By John Patrick Ford

The 51st season in San Diego Opera ended on a high note with the West Coast premiere of Jake Heggie’s new opera “Great Scott.” The audience and critics were favorable over this drama about a regional opera company’s struggle for survival, especially with competition from the local football team. The season theme of “ladies in distress” continued in the third production as the prima donna Arden Scott survived her demons about her career and renewing an old love affair with an uplifting conclusion to the opera.

This was not the case for the first two productions, “Tosca” and “Madama Butterfly.” Both ladies found it necessary to commit suicide as the only solution for their stressful predicaments. The popular scores of both operas by Giacomo Puccini were sure winners for audience response. The sets and costumes were impressive and the opera orchestra supported both superb casts in top form.

With a thumbs up for the 2016 season, I will focus on some of the highlights covering the three grand operas in the Civic Theatre and the three recitals in different venues. One outstanding performance by an artist was Latonia Moore in the role of Cio-Cio San, the vulnerable young geisha married to a love-them-and-leave-them naval officer. She delivered a powerful interpretation of Madam Butterfly’s rise to romantic exultation and decline into a self-imposed death. It’s hard not to choke up when the desperate girl bids farewell to her young son.

Two pre-season recitals featured the fast-rising young tenor René Barbera singing opera arias and Patricia Racette entertaining with her road show of classic Broadway show tunes. Hearing an operatic voice deliver those popular songs makes a good case for mounting Broadway shows with opera artists.

The other guest appearance was Ferruccio Furlanetto in concert at Copley Symphony Hall with arias from his famous bass roles, many of which he has sung with San Diego Opera over the last 31 years. In his first American recital, the international opera star received enthusiastic audience kudos requiring an encore.

It is not often that a regional opera company can stage the premiere of a new opera by an American composer who is in residence during the rehearsals. Jake Heggie was generous in being available for televised interviews and consultation during the final rehearsal performances. Having a conductor who is a specialist in the Heggie repertory and a splendid cast directed by an award-winning New York stage director also assured a stellar production. They did not disappoint.

The libretto by Terrence McNally, award-winning Broadway and Hollywood playwright, devised a story about today’s people having today’s problems in their personal relationships and maintaning a successful career. Uncommon for a contemporary opera, “Great Scott” provides several moments of humor along with poignant interaction among the cast members who are performing an opera- within-an-opera. The unique feature of this work is the mix of bel canto style for the opera being performed combined with the contemporary music during the backstage drama of artists in rehearsal.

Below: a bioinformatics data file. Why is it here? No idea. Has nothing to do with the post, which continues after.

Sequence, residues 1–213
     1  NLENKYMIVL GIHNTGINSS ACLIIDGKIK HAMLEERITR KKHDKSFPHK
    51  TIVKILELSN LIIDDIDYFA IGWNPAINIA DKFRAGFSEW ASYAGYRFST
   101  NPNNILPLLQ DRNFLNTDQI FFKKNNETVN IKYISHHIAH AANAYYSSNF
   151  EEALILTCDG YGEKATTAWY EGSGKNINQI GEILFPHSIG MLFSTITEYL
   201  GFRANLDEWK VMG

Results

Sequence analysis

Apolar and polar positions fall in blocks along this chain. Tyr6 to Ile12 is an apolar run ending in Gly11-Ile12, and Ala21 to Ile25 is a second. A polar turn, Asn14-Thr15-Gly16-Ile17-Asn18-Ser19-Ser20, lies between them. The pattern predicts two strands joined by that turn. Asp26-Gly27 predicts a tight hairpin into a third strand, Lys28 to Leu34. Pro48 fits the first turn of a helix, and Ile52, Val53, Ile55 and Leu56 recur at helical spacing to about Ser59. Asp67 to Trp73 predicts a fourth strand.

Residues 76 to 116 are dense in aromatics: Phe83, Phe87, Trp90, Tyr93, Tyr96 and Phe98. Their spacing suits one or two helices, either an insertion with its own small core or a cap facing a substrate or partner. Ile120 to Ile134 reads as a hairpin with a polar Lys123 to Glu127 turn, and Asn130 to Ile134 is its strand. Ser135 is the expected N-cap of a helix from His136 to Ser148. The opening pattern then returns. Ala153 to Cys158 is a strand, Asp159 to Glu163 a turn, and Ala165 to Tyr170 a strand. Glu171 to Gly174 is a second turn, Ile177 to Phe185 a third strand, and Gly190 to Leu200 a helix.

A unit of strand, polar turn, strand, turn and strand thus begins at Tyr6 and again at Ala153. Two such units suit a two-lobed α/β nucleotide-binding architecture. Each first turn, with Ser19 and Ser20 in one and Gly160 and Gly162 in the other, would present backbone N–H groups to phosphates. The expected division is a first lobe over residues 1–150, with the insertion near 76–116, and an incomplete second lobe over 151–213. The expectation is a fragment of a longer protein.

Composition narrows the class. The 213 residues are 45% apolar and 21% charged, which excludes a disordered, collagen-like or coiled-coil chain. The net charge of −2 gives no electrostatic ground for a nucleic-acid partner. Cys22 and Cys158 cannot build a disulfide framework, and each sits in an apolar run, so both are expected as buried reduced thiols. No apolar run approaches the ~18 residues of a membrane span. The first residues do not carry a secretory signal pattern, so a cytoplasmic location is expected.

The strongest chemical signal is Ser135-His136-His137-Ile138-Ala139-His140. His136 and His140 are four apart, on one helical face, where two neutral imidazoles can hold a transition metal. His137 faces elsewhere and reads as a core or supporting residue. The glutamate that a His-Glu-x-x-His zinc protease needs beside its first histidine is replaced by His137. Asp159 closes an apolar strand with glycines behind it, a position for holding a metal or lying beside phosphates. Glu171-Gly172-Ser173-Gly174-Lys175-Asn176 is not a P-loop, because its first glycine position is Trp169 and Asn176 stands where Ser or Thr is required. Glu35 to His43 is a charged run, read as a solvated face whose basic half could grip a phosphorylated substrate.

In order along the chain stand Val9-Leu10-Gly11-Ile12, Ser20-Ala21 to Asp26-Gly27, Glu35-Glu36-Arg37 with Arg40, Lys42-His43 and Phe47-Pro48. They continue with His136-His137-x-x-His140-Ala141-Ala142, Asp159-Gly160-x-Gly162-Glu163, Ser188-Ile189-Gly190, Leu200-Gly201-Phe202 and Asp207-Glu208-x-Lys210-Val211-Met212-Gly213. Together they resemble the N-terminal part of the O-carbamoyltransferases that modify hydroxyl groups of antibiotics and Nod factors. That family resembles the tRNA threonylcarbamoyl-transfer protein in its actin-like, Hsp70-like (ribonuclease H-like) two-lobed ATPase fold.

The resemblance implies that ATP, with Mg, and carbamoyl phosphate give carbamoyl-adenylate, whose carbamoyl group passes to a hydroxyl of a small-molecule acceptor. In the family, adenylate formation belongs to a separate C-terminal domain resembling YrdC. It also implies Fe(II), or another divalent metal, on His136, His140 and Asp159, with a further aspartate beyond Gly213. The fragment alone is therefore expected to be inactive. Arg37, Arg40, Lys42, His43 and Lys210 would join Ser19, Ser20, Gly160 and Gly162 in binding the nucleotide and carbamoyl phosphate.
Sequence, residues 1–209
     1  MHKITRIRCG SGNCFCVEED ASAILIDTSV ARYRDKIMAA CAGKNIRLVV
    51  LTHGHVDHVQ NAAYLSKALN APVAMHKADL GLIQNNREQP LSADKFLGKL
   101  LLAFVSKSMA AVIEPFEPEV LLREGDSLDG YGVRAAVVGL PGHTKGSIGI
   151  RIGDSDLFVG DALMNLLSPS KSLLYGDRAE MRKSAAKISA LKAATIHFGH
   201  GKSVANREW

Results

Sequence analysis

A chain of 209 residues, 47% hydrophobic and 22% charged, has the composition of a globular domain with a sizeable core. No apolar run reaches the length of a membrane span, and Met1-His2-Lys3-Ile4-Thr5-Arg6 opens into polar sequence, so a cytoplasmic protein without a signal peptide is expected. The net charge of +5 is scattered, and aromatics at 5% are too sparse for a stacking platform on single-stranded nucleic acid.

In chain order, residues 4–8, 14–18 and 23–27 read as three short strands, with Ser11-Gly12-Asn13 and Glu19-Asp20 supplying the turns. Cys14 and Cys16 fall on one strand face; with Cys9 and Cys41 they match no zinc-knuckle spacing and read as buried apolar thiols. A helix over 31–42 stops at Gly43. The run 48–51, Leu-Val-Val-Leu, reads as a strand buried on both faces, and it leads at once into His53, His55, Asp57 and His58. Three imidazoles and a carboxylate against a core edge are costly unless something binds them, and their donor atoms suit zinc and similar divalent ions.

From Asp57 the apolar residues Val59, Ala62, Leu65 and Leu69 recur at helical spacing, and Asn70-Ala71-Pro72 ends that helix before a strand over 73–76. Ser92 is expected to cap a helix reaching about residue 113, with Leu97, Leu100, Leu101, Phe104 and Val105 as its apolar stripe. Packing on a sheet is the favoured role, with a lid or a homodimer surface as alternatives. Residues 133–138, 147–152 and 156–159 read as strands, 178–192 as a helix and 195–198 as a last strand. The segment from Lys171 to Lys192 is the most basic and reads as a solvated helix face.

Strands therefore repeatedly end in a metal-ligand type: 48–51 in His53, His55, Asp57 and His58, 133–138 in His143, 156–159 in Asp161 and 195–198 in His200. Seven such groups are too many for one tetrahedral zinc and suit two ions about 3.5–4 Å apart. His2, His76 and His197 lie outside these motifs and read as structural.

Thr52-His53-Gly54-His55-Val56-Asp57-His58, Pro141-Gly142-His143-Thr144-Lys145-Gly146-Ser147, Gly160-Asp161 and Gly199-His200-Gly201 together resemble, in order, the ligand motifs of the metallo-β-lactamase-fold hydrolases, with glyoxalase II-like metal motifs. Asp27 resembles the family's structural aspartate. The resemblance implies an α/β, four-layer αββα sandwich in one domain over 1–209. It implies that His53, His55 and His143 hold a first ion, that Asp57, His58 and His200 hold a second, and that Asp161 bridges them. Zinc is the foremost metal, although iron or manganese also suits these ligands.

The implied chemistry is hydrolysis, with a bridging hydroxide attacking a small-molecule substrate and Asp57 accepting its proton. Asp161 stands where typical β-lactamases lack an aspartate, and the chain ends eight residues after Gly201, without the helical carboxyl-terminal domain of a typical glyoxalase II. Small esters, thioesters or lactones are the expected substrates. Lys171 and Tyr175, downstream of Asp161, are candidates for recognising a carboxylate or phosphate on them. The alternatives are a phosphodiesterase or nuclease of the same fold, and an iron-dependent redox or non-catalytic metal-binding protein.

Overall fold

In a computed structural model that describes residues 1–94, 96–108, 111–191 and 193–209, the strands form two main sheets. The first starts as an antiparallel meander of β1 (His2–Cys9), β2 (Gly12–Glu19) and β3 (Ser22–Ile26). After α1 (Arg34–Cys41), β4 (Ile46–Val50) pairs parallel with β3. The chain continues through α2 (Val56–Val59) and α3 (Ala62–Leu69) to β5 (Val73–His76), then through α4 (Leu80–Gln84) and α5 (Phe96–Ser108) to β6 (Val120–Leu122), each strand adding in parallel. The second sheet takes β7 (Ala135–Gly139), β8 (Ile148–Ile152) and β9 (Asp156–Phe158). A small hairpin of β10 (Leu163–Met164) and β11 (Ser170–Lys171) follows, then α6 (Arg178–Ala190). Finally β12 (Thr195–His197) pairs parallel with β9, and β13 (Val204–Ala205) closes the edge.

Critics often accuse Jake Heggie of stealing music styles from Rossini, Bellini and Puccini. That works well in this particular opera because the bel canto opera being presented by a regional opera company group requires the sound of the 18th century composers. That also means the principal artists must be fluent in the bel canto style with all the vocal ornamentation. This cast delivered both styles with amazing skill.

In the contemporary sections of the opera, occurring mostly backstage during rehearsals, the score develops some every-day relationships among the players. The prima donna, Arden Scott, is renewing her romance with her school-days lover who stayed behind when Arden went on to an international career; the stage director for the bel canto opera, an unusual countertenor role, creates another sub-plot with an interest in the conductor; the young ambitious soprano who aspires to steal the spotlight from Arden Scott is given the showstopper scene at the opening of the Super Bowl taking place the same night as the ;premier of the bel canto opera; Arden is re-examining where her career is going in consultation with the ghost the 18th century composer of the bel canto opera who keeps appearing to her backstage or in her dressing room.

That is one of the unique subplots of the opera, but it should be taken out to help reduce the length of the opera. As with any new opera or musical, early performances provide opportunities to take cuts.

As a wrap up for the 2016 season, it can be noted that San Diego Opera survived its crisis of 2014 with a proposed balanced budget and now looks ahead to some new adventures in contemporary opera being proposed for the 2017 season and beyond. This was the last season under the old-regime planning and opens the door for the new general director to breathe fresh life into a repertory intended to attract a younger audience.


Ford is a past president of San Diego Opera and supports the opera archive at San Diego State University.